What remains of ISIS — the so-called Islamic State in Iraq and Syria — is yet to acknowledge the death of its leader Abu Bakr al-Baghdadi who died in a raid by US forces in northern Syria on Saturday.
At this early stage it’s not clear who will succeed him, but a long-time Baghdadi companion and religious scholar would seem to be a leading candidate.
He is known within jihadi circles as Abdallah Qardash, but the US government identifies him as Amir Muhammad Sa’id Abdal-Rahman al-Mawla and is thought to have known Baghdadi for at least 15 years. They were both detained at a US-run prison known as Camp Bucca soon after the coalition’s invasion of Iraq in 2003, though it’s unclear if that’s where they first met.
Born in the 1970s, al-Mawla is thought to have been one of the many Baathist officers during Saddam Hussein’s rule to go underground after the US invasion in 2003 and join forces with insurgents.
Many of those who were released from Camp Bucca — including Baghdadi and al-Mawla — joined what was then al Qaeda in Iraq, before it rebranded itself the Islamic State. The State Department’s profile of al-Mawla described him as “a religious scholar in ISIS’s predecessor organization.”
According to the State Department, he “helped drive and justify the abduction, slaughter, and trafficking of the Yazidi religious minority in northwest Iraq.”
Much of the Yazidi community lived in an area close to al-Mawla’s home-town of Tal Afar. In 2014, after ISIS had taken Tal Afar and Mosul, the group enslaved thousands of Yazidi women and children and murdered thousands of Yazidi men, actions the United Nations has called a genocide.
As others in the ISIS hierarchy were taken out or died in battle, al-Mawla became a more significant player as one of the group’s leading ideologues.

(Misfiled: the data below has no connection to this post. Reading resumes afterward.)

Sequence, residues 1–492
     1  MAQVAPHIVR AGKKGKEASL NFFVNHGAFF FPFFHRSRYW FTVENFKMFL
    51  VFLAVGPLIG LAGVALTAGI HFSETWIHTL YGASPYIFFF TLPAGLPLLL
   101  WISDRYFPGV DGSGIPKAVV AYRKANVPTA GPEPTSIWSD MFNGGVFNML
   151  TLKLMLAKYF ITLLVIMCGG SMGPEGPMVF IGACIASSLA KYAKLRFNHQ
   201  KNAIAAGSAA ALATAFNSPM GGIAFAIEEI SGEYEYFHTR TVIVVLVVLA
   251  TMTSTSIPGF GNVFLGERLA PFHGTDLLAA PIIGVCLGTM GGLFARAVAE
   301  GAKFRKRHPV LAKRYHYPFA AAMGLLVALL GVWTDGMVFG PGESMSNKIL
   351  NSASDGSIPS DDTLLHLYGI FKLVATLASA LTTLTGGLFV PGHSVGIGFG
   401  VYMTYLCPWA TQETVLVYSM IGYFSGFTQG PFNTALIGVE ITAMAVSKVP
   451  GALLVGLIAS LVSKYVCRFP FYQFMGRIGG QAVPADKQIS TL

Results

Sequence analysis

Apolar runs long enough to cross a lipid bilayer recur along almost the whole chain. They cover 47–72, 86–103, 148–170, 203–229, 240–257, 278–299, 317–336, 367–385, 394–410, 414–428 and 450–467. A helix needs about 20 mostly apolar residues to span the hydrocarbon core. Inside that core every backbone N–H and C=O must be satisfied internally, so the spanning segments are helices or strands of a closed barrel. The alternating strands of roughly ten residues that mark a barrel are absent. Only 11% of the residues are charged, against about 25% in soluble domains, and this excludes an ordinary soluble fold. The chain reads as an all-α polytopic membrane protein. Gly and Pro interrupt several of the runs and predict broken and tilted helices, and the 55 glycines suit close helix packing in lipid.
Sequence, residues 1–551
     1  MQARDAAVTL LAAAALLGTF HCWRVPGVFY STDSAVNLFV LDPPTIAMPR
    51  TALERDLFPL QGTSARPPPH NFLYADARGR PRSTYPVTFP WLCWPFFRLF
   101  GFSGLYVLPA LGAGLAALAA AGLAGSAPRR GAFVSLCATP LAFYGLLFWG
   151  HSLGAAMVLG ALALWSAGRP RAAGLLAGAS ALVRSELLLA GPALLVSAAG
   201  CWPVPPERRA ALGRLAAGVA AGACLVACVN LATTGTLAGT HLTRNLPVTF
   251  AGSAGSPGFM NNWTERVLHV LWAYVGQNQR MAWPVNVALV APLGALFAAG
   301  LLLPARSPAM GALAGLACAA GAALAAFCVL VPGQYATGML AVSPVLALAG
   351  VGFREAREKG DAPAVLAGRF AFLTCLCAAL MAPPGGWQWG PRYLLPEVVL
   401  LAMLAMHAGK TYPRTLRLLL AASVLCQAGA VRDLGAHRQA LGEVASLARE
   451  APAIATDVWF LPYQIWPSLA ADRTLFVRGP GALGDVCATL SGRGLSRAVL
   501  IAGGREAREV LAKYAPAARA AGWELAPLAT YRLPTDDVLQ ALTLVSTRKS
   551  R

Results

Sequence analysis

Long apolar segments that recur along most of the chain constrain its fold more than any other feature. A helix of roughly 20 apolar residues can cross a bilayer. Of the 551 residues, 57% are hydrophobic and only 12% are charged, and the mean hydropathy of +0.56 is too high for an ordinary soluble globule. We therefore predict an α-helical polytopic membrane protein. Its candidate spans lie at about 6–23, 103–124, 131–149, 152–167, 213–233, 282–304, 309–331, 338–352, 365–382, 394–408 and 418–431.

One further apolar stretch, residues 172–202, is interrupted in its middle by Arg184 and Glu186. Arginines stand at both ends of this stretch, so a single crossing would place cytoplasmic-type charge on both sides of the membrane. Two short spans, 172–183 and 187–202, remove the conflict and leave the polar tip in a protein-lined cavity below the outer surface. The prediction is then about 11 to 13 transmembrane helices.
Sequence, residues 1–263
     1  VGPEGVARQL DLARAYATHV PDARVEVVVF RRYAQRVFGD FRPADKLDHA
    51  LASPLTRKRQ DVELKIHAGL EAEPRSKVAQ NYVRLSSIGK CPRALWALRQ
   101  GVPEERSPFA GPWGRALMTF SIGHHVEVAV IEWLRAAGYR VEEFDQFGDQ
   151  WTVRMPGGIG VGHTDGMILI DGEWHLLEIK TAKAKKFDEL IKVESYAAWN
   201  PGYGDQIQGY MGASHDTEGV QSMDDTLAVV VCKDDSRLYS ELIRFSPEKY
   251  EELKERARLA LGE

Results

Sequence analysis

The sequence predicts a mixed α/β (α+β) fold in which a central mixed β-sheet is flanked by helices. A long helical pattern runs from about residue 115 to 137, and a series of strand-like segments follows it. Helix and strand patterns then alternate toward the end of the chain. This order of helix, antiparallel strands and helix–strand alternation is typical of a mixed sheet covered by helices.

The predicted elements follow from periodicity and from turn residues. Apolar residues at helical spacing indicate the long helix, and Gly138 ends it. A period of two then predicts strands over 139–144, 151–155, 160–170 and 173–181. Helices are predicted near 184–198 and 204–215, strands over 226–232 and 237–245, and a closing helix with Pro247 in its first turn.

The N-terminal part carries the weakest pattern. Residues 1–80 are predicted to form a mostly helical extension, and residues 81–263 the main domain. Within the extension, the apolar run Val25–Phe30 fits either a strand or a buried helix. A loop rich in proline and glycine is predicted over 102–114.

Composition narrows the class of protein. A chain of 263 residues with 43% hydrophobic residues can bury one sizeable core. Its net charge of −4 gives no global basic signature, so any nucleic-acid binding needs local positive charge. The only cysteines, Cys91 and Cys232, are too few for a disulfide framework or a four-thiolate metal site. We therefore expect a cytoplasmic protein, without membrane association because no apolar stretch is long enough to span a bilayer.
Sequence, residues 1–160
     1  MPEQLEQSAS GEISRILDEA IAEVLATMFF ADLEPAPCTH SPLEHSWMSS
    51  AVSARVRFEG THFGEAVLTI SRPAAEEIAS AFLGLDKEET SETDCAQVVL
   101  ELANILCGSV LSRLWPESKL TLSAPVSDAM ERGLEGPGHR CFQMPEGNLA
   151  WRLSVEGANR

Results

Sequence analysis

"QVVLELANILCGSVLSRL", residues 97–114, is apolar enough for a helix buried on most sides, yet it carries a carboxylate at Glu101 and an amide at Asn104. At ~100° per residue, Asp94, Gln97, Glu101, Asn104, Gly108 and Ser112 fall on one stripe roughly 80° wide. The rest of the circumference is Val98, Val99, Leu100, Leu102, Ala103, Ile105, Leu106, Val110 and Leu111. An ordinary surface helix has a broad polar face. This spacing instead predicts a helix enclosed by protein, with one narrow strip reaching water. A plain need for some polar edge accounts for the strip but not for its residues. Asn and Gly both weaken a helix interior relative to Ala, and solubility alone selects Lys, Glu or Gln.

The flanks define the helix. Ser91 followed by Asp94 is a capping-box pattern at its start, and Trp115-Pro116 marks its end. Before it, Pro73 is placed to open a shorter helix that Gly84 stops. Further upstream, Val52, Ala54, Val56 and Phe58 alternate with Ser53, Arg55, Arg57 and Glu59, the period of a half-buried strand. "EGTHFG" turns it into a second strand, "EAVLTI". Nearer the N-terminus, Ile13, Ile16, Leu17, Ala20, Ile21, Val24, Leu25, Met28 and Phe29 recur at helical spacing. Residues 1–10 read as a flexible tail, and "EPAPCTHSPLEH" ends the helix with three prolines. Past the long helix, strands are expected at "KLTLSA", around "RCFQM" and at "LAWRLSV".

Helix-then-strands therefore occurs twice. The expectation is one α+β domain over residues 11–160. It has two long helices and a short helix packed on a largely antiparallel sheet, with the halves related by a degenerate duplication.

In August, it was widely reported that the ISIS-affiliated Amaq news agency had announced al-Mawla as Baghdadi’s anointed successor. But the announcement came from a fabricated account and it would certainly not have been ISIS’ modus operandi to issue such a statement.
Later that month, the US added al-Mawla to its Rewards for Justice list, offering up to $5 million for information leading to his capture and saying that “as one of ISIS’s most senior ideologues … he is a potential successor to ISIS leader Abu Bakr al-Baghdadi.”
Cole Bunzel, editor of the blog Jihadica, says that former ISIS members who defected over disagreements about ideology and strategy have been talking up al-Mawla’s prospects of becoming the next ISIS leader.
They have often referred to him as “a leader of the so-called Delegated Committee, ISIS’s executive body, who appears to exercise more day-to-day control over the group than Baghdadi himself,” Bunzel told CNN.
Al-Mawla faces obstacles
Counting against al-Mawla’s prospects of succeeding Baghdadi, perhaps, is that by ethnic origin he is reportedly of Turkmen origin and ISIS leadership has always been dominated by Arabs, most of them Iraqi. There are other hurdles al-Mawla would face. It is widely believed among jihadis that a “caliph” must have certain attributes and credentials.